1. Handy for someone running a Fresh Off the Boat-style campaign. "Greetings, mendicant barbarians. Might you be in search of both affordable housing and a generous offer of employment?"

  2. Nice. Is this a "Saturday Night Special" of yours?

  3. Well done. I once set out to write a book of poems playable as a low level adventure, but as usual my muse would not be ordered about, so I ended up with a regular old book of poems, some of which are D&D related or inspired. I’ve always felt there was a similarity between the kind of compression and art necessary for good dungeon room descriptions and poetry, and of course the riddle, which is a mainstay of fantasy literature and gaming, is also the form taken by many of the earliest Anglo Saxon poems. And I enjoy writing formal, metrical poetry for the same reason I enjoy writing D&D adventures: the mechanical aspect keeps the right side of my brain occupied, so the more imaginative side can wander free.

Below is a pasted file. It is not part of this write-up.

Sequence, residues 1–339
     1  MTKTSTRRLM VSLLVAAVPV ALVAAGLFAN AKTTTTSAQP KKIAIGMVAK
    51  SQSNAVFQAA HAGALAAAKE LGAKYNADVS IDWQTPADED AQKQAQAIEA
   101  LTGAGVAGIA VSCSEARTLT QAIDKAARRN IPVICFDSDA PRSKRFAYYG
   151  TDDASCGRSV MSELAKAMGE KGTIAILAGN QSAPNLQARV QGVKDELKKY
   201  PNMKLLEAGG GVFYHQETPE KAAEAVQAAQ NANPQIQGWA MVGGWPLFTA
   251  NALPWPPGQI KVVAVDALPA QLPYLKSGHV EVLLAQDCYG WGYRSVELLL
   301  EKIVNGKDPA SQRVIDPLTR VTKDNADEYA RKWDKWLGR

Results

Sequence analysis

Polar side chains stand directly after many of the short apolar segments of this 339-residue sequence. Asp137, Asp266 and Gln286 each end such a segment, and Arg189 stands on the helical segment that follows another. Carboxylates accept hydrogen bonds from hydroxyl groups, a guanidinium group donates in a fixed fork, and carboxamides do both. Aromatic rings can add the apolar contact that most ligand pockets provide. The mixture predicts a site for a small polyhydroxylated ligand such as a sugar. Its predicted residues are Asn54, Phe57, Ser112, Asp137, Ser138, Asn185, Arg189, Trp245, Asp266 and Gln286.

4. Having now read several of the other entries in this contest, I'm going to give you high marks for "functionality" and "brevity" compared to them. There's some creative stuff out there and funny reads, but a lot of what I looked at was all style, no utility.

    1. Thanks. I appreciate the kind words.

    2. I still haven’t gotten my head around Tekumel. It is something I’d like to have a go at running later in the year when existing commitments are fulfilled. This helps a lot. It is also a good example of fairly terse and easy to read dungeon design. I wish scenarios for other games were written so.

    3. If you have any questions about Tékumel, I'd be happy to answer them.

    4. Thankyou. When I get my act more together. But this is a good start. I particularly like the references to Hymn to Mü’ükané, Tíu-wood, boon of Lord Hrü’ü. This starts to engage the players with the world.